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© McCord Museum
Chair back panel
Eastern Woodlands
Aboriginal: Mi'kmaq
Anonyme - Anonymous
1845-1855, 19th century
Birchbark, spruce root, porcupine quills, organic dyes
32.5 x 40 cm
Gift of Mr. David Ross McCord
© McCord Museum


In 1845, the Mi'kmaq began making porcupine quill chair seats and backs for sale to individuals or furniture makers to be mounted on chair frames. The larger pieces, with their intrinsic use of space and colour, are some of the best examples of Mi'kmaq art. Set in the entranceway or drawing room of elegant homes, such chairs must have been greatly admired by visitors, and the subject of many a conversation.

Keys to History:

After 1845, the Mi'kmaq began producing larger items intended to be used with chairs, loveseats, tables or even cradles. Panels such as this one, veritable mosaics of coloured porcupine quills and birchbark, were sometimes sold to individuals or to furniture makers for placement right in the frames of tables and chairs.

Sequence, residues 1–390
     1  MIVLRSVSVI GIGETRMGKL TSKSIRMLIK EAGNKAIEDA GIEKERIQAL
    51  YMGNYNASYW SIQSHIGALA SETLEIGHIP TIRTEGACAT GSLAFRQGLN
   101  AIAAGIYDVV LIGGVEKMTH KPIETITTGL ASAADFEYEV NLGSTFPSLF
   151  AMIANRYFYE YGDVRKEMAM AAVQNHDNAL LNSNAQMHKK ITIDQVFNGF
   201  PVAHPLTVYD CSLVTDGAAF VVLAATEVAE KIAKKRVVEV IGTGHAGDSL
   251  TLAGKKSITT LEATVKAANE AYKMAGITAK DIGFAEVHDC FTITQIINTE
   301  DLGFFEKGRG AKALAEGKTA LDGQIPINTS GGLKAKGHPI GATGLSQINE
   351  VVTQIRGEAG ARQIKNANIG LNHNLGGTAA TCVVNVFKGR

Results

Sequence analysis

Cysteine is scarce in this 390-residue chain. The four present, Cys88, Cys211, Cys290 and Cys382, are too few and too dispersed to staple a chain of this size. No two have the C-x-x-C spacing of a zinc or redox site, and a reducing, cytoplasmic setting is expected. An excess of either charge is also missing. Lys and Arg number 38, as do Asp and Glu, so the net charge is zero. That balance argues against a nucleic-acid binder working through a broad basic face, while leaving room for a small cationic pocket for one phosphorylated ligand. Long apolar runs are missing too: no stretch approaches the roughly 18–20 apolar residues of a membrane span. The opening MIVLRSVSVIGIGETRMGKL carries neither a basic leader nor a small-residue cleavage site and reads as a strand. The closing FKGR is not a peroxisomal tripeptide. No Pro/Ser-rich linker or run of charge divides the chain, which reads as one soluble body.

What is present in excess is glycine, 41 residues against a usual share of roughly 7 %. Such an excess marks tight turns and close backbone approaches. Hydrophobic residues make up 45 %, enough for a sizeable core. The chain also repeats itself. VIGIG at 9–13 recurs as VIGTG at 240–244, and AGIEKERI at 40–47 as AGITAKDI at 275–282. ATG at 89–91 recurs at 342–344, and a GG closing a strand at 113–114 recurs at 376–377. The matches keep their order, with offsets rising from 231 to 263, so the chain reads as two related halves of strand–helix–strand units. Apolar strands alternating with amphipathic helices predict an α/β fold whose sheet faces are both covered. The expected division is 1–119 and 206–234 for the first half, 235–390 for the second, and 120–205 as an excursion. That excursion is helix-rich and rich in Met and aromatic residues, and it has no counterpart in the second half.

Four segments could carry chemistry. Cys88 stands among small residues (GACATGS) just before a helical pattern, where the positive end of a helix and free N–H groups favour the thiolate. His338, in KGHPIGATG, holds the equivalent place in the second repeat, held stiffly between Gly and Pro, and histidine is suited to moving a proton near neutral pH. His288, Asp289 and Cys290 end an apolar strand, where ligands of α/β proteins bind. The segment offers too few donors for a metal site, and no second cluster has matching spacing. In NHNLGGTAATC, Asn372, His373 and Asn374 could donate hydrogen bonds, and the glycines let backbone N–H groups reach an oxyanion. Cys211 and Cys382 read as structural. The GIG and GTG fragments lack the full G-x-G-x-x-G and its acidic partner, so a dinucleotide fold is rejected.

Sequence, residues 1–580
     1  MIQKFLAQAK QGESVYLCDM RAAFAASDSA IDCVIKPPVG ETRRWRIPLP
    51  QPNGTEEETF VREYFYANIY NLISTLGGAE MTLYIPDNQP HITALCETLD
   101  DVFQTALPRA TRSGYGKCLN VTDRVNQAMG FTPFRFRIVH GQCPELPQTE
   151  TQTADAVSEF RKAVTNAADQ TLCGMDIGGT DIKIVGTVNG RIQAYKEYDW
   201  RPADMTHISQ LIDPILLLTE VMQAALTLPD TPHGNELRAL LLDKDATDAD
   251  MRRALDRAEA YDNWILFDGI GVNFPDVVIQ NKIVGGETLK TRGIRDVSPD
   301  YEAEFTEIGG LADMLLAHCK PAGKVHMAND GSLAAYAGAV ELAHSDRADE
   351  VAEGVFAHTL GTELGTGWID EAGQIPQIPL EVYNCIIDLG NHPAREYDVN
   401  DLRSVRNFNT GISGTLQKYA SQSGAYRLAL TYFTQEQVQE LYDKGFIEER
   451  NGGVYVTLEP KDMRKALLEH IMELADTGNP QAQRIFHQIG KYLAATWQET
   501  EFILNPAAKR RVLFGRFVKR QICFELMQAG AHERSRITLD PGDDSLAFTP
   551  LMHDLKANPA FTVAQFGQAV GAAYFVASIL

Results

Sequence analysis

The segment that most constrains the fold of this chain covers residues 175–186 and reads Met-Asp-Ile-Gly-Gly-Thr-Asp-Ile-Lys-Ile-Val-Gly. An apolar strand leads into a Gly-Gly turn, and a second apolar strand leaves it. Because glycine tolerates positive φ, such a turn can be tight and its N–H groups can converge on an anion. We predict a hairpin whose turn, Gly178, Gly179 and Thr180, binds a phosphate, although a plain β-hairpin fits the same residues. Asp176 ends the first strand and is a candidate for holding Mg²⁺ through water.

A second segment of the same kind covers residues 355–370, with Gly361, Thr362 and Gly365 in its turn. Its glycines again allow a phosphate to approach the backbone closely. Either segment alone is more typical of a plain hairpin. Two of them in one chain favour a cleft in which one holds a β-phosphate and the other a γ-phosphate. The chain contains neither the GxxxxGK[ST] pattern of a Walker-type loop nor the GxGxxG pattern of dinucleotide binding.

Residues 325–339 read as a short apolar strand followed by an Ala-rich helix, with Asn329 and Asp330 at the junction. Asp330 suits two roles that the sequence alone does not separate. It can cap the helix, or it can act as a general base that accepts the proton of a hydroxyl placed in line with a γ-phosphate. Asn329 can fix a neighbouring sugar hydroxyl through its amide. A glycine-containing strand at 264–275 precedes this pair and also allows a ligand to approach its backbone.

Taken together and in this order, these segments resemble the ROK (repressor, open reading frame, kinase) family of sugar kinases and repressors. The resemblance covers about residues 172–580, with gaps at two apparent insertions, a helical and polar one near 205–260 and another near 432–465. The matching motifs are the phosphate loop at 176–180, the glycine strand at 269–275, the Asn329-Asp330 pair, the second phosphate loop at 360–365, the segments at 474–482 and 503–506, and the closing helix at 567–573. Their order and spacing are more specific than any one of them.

This chair back is adorned with geometric motifs unique to the Mi'kmaq nation. Note, as well, the heart shape so popular with Europeans and readily adopted by Aboriginal artisans. This back would have been set in a chair destined for a living room or boudoir-the centre of a wealthy Victorian family's social life. A Mi'kmaq chair back would attract the attention of visitors, thus stimulating conversation ... and perhaps envy.


This birchbark panel would have been inserted into the back of a chair. Its heart shape makes it very rare -- only two other similar chair backs are known to exist. It is decorated with porcupine quills coloured using organic dyes.


It is not known where this chair back was produced. We do know, however, that it was made by a Mi'kmaq artist. David Ross McCord recorded that the item was purchased in Lorette (now Wendake), a Huron-Wendat community. The Huron-Wendats sometimes served as intermediaries for Mi'kmaq artisans.


This chair back was made in the mid-19th century.


There are only two other known heart-shaped chair backs in existence. It is possible that all three of them were made by the same Mi'kmaq artist.

© Musée McCord Museum